Small business owners must know modern slavery obligations

  • 03 Jan 2017

Some FSB members may have heard about the Modern Slavery Act 2015, a relatively new piece of legislation that came into force this year and one that has a specific section addressing UK businesses. 

While Section 54 speaks directly to firms trading in the UK with an annual turnover greater than £36 million and therefore most FSB members will not be affected, you may be asked by your clients or customers who are now required to provide an annual Slavery and Human Trafficking Statement, confirming that there are no forced labourers and/or trafficked persons working in their business or supply chain. 

If your client or customer meets the financial threshold, as their supplier, they will be asking you to clarify your company’s procedures and confirm that there are no forced labourers and/or trafficked persons working in your business. 

Given this new legal requirement, the following are some steps you can take as a business owner and as a citizen to ensure you do your bit to help eradicate modern slavery from the UK. 

Do a risk assessment 

Assess every inch of your business and work out who’s working for you. Consider all types of workers, from full-timers to seasonal staff. Ensure your workers are being paid at least the appropriate minimum wage and are not subjected to excessive working hours or unsafe working conditions. 


Ensure you know who’s working on your behalf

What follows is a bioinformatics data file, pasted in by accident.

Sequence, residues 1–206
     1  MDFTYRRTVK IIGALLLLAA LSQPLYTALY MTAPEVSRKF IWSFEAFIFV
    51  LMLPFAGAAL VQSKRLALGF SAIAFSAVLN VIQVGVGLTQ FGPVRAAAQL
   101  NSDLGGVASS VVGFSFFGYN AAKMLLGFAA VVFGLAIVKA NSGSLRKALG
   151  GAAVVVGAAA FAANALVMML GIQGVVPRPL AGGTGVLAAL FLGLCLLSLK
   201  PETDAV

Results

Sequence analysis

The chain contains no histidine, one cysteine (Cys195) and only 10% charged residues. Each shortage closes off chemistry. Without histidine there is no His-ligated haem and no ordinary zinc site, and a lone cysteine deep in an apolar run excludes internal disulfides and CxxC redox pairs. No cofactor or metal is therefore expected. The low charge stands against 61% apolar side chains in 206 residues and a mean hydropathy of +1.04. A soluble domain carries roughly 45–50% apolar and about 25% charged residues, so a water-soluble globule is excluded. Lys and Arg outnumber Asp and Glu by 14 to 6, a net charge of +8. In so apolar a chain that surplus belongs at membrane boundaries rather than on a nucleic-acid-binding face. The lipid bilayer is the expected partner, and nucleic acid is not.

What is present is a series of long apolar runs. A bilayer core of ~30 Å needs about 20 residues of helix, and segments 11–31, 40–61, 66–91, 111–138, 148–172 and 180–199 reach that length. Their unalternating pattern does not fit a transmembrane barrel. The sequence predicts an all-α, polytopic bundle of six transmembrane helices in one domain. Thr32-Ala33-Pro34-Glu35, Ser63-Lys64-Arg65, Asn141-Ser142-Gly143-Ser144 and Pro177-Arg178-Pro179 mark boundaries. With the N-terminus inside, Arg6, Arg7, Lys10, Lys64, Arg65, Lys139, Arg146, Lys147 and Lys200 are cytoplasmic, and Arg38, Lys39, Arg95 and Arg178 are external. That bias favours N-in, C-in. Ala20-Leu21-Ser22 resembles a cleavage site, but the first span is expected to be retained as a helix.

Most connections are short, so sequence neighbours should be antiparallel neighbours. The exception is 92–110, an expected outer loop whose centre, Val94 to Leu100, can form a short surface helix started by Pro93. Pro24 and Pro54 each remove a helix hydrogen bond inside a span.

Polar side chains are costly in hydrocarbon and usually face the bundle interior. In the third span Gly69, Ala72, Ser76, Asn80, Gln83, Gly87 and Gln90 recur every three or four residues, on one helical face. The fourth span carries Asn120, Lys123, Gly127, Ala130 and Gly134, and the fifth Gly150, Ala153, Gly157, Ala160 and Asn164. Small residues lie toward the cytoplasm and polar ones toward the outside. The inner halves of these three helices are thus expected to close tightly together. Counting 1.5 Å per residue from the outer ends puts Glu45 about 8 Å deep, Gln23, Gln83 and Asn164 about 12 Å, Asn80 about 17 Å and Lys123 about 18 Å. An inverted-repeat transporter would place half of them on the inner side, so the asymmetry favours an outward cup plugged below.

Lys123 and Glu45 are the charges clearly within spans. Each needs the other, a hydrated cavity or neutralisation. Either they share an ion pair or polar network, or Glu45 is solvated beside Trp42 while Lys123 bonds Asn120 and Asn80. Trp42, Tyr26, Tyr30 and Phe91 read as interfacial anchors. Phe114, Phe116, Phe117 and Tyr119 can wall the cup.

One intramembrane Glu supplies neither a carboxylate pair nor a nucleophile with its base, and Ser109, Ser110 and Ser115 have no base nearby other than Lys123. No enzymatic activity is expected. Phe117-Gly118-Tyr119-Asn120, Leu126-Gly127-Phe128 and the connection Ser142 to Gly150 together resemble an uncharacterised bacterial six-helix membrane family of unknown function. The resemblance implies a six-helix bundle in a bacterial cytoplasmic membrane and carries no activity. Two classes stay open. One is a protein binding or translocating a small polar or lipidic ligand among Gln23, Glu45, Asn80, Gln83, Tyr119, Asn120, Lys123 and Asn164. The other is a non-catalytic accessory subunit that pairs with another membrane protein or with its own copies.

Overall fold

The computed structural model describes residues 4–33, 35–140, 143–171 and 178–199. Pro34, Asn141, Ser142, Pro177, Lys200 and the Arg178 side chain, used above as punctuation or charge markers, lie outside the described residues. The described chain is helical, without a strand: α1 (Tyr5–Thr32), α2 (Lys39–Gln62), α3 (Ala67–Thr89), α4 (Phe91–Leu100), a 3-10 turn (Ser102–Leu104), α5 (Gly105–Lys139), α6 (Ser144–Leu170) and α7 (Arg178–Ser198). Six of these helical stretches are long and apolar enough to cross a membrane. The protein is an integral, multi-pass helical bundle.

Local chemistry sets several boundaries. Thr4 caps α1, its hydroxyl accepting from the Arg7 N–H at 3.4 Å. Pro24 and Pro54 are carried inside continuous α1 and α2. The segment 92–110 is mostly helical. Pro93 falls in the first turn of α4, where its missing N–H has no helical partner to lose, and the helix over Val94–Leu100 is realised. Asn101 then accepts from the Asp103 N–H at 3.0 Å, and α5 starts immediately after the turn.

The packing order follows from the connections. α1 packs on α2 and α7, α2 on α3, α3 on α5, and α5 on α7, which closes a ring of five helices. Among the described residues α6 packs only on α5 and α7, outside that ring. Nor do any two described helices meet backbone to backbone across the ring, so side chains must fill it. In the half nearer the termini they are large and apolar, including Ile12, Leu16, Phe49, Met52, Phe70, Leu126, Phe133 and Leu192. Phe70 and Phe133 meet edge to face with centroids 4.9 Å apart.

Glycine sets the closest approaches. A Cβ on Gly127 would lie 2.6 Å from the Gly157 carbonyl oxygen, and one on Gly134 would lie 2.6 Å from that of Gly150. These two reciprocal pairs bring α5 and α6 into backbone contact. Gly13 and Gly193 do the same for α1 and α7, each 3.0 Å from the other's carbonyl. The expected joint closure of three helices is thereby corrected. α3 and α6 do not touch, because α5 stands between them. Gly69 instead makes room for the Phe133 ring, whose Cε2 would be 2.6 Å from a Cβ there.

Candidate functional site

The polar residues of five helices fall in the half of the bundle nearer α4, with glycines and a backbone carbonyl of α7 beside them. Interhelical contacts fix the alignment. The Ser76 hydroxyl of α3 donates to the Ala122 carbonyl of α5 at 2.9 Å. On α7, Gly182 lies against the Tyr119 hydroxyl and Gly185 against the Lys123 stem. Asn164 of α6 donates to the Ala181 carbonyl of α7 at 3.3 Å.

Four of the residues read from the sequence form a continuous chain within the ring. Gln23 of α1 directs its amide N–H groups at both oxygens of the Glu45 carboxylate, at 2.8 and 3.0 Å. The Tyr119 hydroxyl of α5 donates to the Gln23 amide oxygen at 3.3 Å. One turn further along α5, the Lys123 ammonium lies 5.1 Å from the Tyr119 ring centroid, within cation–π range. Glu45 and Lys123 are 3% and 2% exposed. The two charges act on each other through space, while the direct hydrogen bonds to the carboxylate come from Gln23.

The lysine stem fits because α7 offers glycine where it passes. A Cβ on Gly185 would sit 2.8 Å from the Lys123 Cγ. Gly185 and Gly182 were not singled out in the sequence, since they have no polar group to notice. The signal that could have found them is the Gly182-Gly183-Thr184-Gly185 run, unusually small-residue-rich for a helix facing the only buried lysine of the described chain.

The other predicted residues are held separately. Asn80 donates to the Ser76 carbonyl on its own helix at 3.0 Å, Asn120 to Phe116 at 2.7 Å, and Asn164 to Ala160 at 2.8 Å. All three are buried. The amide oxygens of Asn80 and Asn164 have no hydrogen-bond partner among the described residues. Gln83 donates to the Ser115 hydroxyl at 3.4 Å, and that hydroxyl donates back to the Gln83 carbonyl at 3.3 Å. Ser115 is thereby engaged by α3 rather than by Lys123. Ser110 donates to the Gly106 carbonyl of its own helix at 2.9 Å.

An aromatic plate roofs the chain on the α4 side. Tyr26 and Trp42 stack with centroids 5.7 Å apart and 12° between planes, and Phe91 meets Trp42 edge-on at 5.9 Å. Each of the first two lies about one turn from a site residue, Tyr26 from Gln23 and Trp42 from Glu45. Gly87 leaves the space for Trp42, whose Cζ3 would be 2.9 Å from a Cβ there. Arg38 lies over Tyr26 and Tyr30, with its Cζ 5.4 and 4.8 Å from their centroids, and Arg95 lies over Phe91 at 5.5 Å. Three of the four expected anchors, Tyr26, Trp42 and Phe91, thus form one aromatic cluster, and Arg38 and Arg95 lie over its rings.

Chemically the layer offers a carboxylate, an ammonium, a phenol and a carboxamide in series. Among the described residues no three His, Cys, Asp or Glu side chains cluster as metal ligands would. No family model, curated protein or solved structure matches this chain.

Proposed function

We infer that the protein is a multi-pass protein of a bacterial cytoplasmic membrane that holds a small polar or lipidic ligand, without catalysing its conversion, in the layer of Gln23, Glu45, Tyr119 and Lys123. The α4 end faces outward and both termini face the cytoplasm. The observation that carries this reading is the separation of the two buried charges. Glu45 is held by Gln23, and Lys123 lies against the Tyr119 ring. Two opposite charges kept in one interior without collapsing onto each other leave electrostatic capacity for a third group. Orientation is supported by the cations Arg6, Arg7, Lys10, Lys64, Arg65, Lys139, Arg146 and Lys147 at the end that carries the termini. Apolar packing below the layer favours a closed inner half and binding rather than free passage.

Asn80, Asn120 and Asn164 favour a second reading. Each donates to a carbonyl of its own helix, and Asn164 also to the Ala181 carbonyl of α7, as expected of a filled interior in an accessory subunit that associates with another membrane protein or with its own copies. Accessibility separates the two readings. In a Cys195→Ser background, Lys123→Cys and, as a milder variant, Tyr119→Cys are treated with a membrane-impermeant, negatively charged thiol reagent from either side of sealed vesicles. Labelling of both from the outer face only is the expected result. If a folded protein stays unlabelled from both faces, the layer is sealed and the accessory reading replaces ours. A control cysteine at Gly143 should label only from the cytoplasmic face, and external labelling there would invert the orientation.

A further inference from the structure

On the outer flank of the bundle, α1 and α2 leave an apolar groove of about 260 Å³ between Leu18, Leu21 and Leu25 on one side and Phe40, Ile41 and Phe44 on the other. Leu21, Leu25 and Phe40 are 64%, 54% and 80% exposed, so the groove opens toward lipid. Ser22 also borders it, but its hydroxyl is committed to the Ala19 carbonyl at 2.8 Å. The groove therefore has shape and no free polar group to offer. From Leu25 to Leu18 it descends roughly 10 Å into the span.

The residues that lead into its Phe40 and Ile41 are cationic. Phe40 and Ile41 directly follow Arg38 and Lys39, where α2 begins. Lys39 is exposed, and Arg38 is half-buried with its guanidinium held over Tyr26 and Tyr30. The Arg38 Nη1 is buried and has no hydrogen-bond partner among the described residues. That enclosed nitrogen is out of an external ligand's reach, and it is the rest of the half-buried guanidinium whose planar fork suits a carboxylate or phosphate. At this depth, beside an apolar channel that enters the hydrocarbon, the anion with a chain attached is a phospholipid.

For those that use agency, seasonal or temporary staff, ask the agent for proof that the workers have a legal right to work in the UK. 

Sometimes, recruitment agencies are targeted by illegal gangmasters offering a ready supply of labour. Ask them about additional measures they have put in place since the introduction of the Modern Slavery Act 2015. The Home Office has produced a factsheet on modern slavery for the recruitment industry, which provides useful information and will inform your conversation. 

Spread the word

Modern slavery in the UK will only end if everyone is aware it exists and what to do, if suspected. As employers, you have a responsibility to inform your staff of your company’s HR policies and procedures. 

Considering how your company addresses the risks associated with forced labourers or trafficked persons may become a business imperative for you in years to come, given its rapid ascension up the UK’s political agenda during 2016. 

The Home Office has produced a number of factsheets and posters for certain high-risk industries. If you work in the agriculture, construction, food, food processing, hospitality, manufacturing and recruitment sectors, you should consider using them get up to speed on how to spot and address modern slavery.  


Don't be complicit

In strained economic times, we all appreciate saving money here and there but think twice about patronising companies that offer products or services at ridiculously low prices. Some of the sectors where forced labourers and trafficked persons have been found in the UK are car washes, nail salons, tarmacking and hospitality, to name a few.  
When you are procuring good or services, think about the price and, if you can, look at the workers providing the service. The Home Office’s ‘Spot the Signs’ webpage identifies seven things to look out for.

Be aware

Many of the enslaved people working in the UK are working behind closed doors and are forced into crimes such as prostitution, cannabis cultivation and pickpocketing against their own will. Some are also domestic servants working for couples or families. If you suspect that someone is being exploited, call the Modern Slavery Helpline on 0800 0121 700 or Crimestoppers anonymously on 0800 555 111.  

Désirée Abrahams is an independent consultant and Director of Day Associates



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